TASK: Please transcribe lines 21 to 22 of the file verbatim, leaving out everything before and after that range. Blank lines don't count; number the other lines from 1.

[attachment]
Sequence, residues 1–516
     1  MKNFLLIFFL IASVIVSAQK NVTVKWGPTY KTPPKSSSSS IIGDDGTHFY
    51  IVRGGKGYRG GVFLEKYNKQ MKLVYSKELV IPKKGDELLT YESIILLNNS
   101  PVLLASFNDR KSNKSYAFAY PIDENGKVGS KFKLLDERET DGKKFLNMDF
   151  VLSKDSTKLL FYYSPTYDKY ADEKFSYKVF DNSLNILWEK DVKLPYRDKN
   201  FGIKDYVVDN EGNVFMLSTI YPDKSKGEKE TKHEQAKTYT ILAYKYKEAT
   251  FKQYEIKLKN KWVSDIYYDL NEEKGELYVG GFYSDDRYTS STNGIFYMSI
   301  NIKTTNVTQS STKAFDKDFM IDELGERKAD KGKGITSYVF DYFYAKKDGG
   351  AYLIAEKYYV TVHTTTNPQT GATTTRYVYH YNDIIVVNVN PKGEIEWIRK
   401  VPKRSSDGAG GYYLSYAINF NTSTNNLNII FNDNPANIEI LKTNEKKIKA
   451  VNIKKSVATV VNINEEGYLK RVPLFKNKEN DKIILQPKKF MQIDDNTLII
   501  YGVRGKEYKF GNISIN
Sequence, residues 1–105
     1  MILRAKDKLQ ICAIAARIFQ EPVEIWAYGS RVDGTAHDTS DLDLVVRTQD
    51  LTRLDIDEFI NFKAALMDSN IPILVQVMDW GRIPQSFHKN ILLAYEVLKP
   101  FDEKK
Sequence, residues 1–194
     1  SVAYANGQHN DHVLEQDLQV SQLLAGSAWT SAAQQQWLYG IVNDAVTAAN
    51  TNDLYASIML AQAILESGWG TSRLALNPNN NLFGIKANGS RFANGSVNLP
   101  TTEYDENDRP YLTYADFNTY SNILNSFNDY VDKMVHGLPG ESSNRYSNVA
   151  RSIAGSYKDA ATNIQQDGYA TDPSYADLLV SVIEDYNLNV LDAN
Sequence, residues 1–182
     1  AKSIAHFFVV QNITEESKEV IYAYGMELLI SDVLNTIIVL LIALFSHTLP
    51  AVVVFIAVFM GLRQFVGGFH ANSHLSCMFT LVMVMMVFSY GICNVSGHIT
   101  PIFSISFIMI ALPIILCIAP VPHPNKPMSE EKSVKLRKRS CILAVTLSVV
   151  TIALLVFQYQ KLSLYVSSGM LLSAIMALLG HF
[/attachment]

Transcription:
   151  RSIAGSYKDA ATNIQQDGYA TDPSYADLLV SVIEDYNLNV LDAN
Sequence, residues 1–182